In a press release Thursday, the Minnesota Department of Natural Resources said it was imposing the fine and would return the case to the Clearwater County Attorney’s Office for criminal prosecution because Minnesota law prohibits the taking of ” state waters without first obtaining a permit. of the commissioner. “
“Enbridge’s actions are flagrant violations of state law and public trust,” MNR Commissioner Sarah Strommen said in the statement. “It should never have happened and we hold the company fully accountable.”
According to MNR, Enbridge deviated from construction plans it submitted to the agency near its Clearbrook terminal which sought to avoid a limestone marsh wetland, which “is a unique type of wetland, with strict regulatory protections, which is based on the upwelling of mineral-rich waters. groundwater to thrive, ”said the DNR.
Instead of digging an 8 to 10 foot deep trench as planned, the company dug an 18 foot deep trench and installed sheet piles to a depth of 28 feet. This pierced the containment layer of the artesian aquifer, MNR said, causing “an uncontrolled flow of groundwater into the trench.” Enbridge then “failed” to notify the agency, MNR said.
“Enbridge began work on the Clearbrook Terminal site in early 2021, but did not follow the construction plans it provided to MNR,” MNR said. “MNR used these plans to determine that the proposed work at the Clearbrook Terminal could proceed without affecting the limestone swamps nearby.”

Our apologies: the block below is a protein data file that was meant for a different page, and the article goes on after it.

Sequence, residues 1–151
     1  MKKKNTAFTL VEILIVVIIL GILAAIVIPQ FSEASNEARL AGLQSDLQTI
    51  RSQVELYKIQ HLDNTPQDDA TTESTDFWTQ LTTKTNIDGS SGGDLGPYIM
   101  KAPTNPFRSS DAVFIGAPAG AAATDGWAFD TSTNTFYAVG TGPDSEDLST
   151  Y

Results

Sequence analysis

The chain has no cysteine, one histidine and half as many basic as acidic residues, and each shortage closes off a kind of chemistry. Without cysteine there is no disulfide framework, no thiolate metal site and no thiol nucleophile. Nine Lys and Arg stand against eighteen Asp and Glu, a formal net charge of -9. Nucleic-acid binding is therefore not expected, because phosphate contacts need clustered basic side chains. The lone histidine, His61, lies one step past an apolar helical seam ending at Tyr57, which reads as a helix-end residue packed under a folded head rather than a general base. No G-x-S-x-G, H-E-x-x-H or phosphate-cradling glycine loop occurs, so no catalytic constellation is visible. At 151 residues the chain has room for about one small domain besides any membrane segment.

As of September 5, about 24.2 million gallons of groundwater have been released from the aquifer, MNR said.
The DNR said that excess water in the trench was first observed in January 2021, but it was not until June that it was determined that the company had not followed its plans. . MNR said it approved an Enbridge plan last month to stop groundwater flow.
Of the $ 3.32 million in MNR fines, he ordered that $ 2.75 million be placed in receivership to restore and mitigate any damage to the limestone swamps. In addition, $ 300,000 is for “upfront mitigation funds to pay for loss of groundwater resources,” $ 250,000 is for MNR monitoring of wetlands near the breach and $ 20,000 for an administrative sanction order.
In an emailed statement to the News Tribune, Enbridge spokesperson Juli Kellner said the company had just heard from the DNR and was “reviewing the document.” She did not respond to questions about whether Enbridge executives believed the amount was fair or whether they planned to appeal the fine.
“Enbridge has been working with MNR since June to provide the required site information and approval of a corrective action plan that is currently being implemented,” Kellner said. “We share a strong desire to protect Minnesota’s waters and environment and are committed to restoring them. We will continue to work closely with the agency on the resolution of this matter.”
Construction of the 340-mile-long pipeline in northern Minnesota is nearing completion. It is scheduled to be put into service by the end of the year.
When complete, the new pipeline will transport 760,000 barrels of oil per day from Alberta, Canada, to the Enbridge terminal in Superior. The new lines to North Dakota, Canada and Wisconsin have already been completed.
Opponents of Line 3 have long argued that it violates treaty rights and poses a risk to the environment.